State Grant Program Provides Pathway to Higher Education for Thousands of Arizonans

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Photo via Arizona Board of Regents

By Steven Cohen

July 20, 2023

When Alexia Silva Buelna, 20, graduates from Arizona State University next June, she’ll leave college debt-free on a promising path to a business law career.

A good measure of her success can be attributed to the Arizona Promise Program, which, for the past three years, has offered college grants to full-time, Pell Grant–eligible resident students at the three public state universities—ASU, University of Arizona, and Northern Arizona University.

Silva Buelna, the second youngest of four siblings, set her sights on becoming the first in her family to earn a university degree well before graduating from Yuma’s Kofa High School in 2020. She wanted to attend ASU in part because she would have more opportunities for internships in Phoenix.

But first Silva Buelna needed to figure out a way to pay for college.

 

College Without Debt

“I knew that to reach my goals, I had to figure out other ways to pay for tuition and fees outside of FAFSA [the Free Application for Federal Student Aid form to apply for financial aid for college or graduate school],” she said. The financial aid award based on FAFSA doesn’t cover full tuition, books, or other expenses.

A number of Silva Buelna’s high school classmates applied for the President Barack Obama Scholars Program, offered to students whose parents make under $42,000. Silva Buelna knew she wouldn’t qualify because her parents made over the limit—her father is a truck driver; her mother, a border patrol agent.

But after submitting her FAFSA, Silva Buelna was directed to the then-new Arizona Promise, one of the two options available on ASU’s financial aid site that she qualified for.

In her freshman year, Silva Buelna received $2,600 in federal Pell Grants plus another $3,900 in Promise funds, which covered her remaining tuition and fees. By the time she graduates from ASU, Silva Buelna will have received more in Promise than Pell funds.

 

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State Pledges Millions for Education Grants

This year, state appropriations supported 5,600 Promise-eligible students like Silva Buelna (out of more than 19,000 Arizona Pell Grant recipients). Arizona’s public universities covered the rest of the tuition and fees not covered through Pell Grants for qualifying Promise students.

Investing in schools and securing the Arizona Promise Program were priorities of Democratic Gov. Katie Hobbs when she took office in January. The 2024 budget Hobbs signed in May included an additional $20 million, bringing total funding for the grants program to $40 million in 2024.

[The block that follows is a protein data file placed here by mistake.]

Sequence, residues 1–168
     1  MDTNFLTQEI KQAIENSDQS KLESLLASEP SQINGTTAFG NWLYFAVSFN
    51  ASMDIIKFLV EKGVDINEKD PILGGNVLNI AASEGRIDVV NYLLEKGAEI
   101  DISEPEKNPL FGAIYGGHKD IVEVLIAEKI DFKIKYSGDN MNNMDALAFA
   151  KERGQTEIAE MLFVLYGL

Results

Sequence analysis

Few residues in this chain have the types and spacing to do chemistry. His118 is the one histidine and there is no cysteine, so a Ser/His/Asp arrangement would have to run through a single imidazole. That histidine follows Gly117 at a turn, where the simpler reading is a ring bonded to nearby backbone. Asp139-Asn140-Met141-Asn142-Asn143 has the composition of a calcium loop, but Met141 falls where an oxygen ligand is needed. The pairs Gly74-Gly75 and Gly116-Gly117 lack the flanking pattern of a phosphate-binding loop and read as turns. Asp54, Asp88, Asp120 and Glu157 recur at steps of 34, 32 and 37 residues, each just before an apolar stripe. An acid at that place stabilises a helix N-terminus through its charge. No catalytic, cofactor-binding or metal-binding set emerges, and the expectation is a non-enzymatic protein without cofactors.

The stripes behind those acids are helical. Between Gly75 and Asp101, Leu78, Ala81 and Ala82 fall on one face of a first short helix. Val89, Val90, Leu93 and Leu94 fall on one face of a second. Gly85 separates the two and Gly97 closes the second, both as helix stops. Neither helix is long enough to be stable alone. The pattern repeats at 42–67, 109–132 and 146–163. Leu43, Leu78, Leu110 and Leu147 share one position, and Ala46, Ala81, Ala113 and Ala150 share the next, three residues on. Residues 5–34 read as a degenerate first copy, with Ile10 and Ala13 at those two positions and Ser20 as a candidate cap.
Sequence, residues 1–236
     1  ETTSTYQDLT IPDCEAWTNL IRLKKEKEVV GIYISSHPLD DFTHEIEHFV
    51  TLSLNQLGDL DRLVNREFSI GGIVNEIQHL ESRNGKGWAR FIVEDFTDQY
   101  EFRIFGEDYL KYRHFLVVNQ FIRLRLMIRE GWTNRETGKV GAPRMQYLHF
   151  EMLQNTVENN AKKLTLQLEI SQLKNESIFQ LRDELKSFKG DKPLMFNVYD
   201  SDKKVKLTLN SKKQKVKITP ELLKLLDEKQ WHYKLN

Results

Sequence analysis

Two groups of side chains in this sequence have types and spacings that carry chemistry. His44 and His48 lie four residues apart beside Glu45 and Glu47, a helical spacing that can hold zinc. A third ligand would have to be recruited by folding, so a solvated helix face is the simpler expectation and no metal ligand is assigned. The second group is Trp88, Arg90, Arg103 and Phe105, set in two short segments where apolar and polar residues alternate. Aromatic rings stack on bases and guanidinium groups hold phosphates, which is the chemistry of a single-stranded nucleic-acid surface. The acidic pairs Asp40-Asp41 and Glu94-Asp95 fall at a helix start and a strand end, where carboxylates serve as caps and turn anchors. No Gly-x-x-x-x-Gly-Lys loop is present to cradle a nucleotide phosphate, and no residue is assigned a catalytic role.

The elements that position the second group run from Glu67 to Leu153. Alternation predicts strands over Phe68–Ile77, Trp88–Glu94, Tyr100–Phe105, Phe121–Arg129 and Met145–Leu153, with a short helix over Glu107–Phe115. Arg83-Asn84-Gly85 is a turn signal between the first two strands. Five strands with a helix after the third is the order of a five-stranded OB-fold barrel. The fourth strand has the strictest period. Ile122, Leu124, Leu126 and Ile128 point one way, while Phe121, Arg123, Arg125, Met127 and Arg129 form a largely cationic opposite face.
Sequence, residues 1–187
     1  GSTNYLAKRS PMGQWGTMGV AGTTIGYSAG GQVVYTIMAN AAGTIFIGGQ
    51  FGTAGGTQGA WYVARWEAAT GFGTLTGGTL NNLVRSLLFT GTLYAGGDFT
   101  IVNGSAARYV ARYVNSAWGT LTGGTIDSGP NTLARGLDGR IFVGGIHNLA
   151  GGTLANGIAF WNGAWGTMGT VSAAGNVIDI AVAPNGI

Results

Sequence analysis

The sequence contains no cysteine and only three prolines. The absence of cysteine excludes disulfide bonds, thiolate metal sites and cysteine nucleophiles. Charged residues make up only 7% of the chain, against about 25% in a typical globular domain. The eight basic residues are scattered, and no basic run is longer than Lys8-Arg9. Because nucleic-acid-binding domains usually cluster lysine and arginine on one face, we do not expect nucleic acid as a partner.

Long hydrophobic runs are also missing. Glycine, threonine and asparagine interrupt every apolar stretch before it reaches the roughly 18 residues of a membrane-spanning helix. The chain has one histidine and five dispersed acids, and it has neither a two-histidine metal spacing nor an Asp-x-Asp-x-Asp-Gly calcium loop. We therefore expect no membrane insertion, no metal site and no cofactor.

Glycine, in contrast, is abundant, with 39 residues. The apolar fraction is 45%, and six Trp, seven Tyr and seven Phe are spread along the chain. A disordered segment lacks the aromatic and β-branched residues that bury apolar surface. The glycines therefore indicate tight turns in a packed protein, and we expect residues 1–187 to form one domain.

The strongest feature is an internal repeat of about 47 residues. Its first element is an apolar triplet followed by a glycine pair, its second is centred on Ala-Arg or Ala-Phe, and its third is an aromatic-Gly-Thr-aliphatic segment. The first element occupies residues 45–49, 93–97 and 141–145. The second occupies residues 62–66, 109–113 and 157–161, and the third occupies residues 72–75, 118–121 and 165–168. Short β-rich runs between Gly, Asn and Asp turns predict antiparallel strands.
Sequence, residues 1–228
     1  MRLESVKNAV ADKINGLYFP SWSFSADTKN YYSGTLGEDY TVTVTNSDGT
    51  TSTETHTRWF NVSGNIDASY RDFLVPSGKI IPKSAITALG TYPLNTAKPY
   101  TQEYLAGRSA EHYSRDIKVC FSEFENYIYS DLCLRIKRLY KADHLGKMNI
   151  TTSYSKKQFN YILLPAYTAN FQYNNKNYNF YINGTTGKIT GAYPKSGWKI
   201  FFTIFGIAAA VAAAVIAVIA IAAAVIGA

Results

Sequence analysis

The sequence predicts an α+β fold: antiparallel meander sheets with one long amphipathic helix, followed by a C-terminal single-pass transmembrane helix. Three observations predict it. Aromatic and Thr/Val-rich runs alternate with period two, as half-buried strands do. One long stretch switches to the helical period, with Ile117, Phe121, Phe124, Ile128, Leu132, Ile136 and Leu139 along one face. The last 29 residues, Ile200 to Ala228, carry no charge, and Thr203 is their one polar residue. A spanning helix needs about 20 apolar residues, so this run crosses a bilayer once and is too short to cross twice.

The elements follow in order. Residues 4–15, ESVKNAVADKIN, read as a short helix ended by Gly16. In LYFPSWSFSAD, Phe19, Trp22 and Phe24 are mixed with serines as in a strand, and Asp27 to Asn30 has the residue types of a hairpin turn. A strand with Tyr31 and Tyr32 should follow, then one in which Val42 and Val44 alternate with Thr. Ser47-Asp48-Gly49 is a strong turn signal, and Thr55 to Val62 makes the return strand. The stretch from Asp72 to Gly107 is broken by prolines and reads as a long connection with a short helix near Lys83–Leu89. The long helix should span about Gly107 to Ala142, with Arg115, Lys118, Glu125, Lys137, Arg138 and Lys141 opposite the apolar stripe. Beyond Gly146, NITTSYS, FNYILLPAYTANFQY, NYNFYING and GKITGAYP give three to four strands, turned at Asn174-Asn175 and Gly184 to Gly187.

At least 20 other states have enacted Promise Programs, and all have seen higher high school graduation rates, increased college attendance, and greater graduation rates, according to the Arizona Board of Regents.

 

Eliminating the Debt Barrier

The guaranteed scholarship funding comes at a critical time for lower-income families who are considering college. President Biden’s proposal to cancel some student debt for tens of millions of borrowers was nullified by a Supreme Court ruling in late June.

“What I really love about the Promise program is that it eliminates that debt barrier,” said Arizona Sen. Anna Hernandez, D-Glendale, who went straight into the workforce after high school and never attended college. “My parents didn’t have the money to put me through [college], and I wasn’t aware of some of the programs that exist now.”

“It’s [still] going to be very challenging for these students,” said Vienna Munoz, a sophomore at Northern Arizona University. Even with a sizable Arizona Promise grant, she has a work-study position in NAU’s financial aid office, approximately 10–15 hours a week, and is working three jobs this summer.

For Silva Buelna, who is an active member of the Hispanic Business Students Association as well as an intern at the Tempe-based business DriveTime, discovering the Promise Program funded her college dream and will leave her without crippling debt.

“I got everything that I wanted to experience in college: academics, friends, clubs, interesting classes and projects. . . . The list goes on,” she said.

And in June, when Silva Buelna earns her bachelor’s degree in business with a concentration in human resources, her family will be in Tempe, excited and proud to celebrate with her.

 

Editor’s Note: A previous version of this story incorrectly listed Maricopa Community Colleges as schools eligible for the Arizona Promise Program. We regret the error.

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